FY 2018 Federal Budget: Trump's First Budget
Compare Congress' Enacted Budget to Trump's Requests
The fiscal year 2018 federal budget outlines U.S. government revenue and spending from October 1, 2017 through September 30, 2018. The budget process began when President Trump submitted his budget. In January 2018, Congress enacted the appropriation bills to guide spending.
The Office of Management and Budget estimates that revenue will be $3.340 trillion. That's less than the planned spending of $4.173 trillion.
It will create a $833 billion budget deficit.
Half of the FY 2018 revenue of $3.340 trillion comes from income taxes. They contribute $1.660 trillion. Payroll taxes are $1.179 trillion, and include Social Security and Medicare taxes. Corporate taxes add $218 billion, contributing just 7 percent. Trump's tax plan cut the corporate contribution from 9 percent.
The remaining $283 billion is from excise taxes, estate taxes, interest on Federal Reserve deposits, and other miscellaneous sources. It's also lower than in FY 2017. The tax plan cut estate taxes. Also, the Federal Reserve is reducing its holdings of U.S. Treasurys.
Tax Freedom Day occurs in late April. That's how long taxpayers work to pay for federal state, and local government revenue collected. It's more than they spend on food, clothing, and housing combined.
The budget office estimates the federal government will spend $4.173 trillion in FY 2018.
Government spending has three components: discretionary, mandatory and interest on the debt.
Discretionary: Congress appropriate funds each year for agencies covered by the discretionary budget. For FY 2018, the spending bill exceeded the caps imposed by sequestration. The bill covered FY 2018 and FY 2019.
Republicans increased defense spending by $83 billion a year. Sequestration limited it to $549 billion. Democrats added $60 billion a year for nondefense discretionary spending. That's above the sequestration limit of $516 billion. The bill included $80 billion in disaster relief and $6 billion to treat opioid addiction. It also included $7 billion to fund community health centers for two years. Tax provisions added $17 billion. The Congressional Budget Office found that the budget will add $320 billion to the debt over the next 10 years.
Here is a breakdown of discretionary spending. The first column shows Trump's budget request. The second column shows OMB's estimate of FY 2018 spending. The third column shows what Congress enacted on September 19, 2018. The House and Senate appropriation committees will determine the exact amounts.
It's clear from the chart that Congressional appropriations could push actual spending above OMB's estimate. It depends on how much Congress allocates for Emergency Funding. Most of that goes toward Overseas Contingency Operations, which pays for military operations in the Middle East. It also goes toward disaster relief. In 2017, Congress added $15 billion in emergency funds for Hurricane Harvey and $19.5 billion for Hurricane Irma.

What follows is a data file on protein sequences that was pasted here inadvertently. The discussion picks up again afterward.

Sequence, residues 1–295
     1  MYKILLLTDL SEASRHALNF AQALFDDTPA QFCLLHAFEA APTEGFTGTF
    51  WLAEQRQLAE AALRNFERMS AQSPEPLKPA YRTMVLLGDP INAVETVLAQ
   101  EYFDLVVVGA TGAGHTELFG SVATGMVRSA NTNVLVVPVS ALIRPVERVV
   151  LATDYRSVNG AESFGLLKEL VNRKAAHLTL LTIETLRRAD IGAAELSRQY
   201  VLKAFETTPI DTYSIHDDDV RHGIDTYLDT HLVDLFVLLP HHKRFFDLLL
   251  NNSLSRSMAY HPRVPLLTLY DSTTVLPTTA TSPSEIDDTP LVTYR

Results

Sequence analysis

FY 2018 Budget: Trump's Budget Request, Estimate, and Appropriation by Congress (in billions)
|All Other Depts.||$131.9||$90.0||$130.0|
* Includes other departments.
Congress can't change it as part of the normal budget process. Congress mandated the benefit payments when it passed the laws that created the programs. The most recent estimates are from the FY 2019 budget.
- Social Security: $987 billion. Payroll taxes fund 100 percent of the cost.
- Medicare: $582 billion. Payroll taxes and premiums fund 57 percent of the cost.
- Medicaid: $400 billion. Paid out of the general fund.
- All Other: $624 billion. This includes food stamps and Supplemental Security Income. Most are paid out of the general fund. Unemployment Compensation is partially funded by payroll taxes. The Affordable Care Act and TARP are self-funded.
Interest on the Debt: Interest payments on the national debt are not officially part of the mandatory budget, but the payments must be made. The budget office estimates it will be $310 billion in FY 2018. It's $50 billion more than 2017 because both the national debt and interest rates are rising.
The FY 2018 deficit is projected at $833 billion. It's almost double the $440 billion that Trump originally budgeted. One reason for the discrepancy is that revenue came in $100 billion less than than expected. The other is that spending was $4.173 trillion, almost $100 billion more than budgeted.
The deficit was the fifth-highest U.S. deficit by year. It made Trump the third-highest deficit by president, following Obama and Bush. The CBO projects that the Congressional budget deal could boost the deficit to $1.2 trillion in FY 2019.
|FY 2018 (in billions)||Budget Request||Estimated|
|Interest on the Debt||$315||$310|
Compare to Other U.S. Federal Budgets
- Current Federal Budget: FY 2019
- FY 2017
- FY 2016
- FY 2015
- FY 2014
- FY 2013
- FY 2012
- FY 2011
- FY 2010
- FY 2009
- FY 2008
- FY 2007
- FY 2006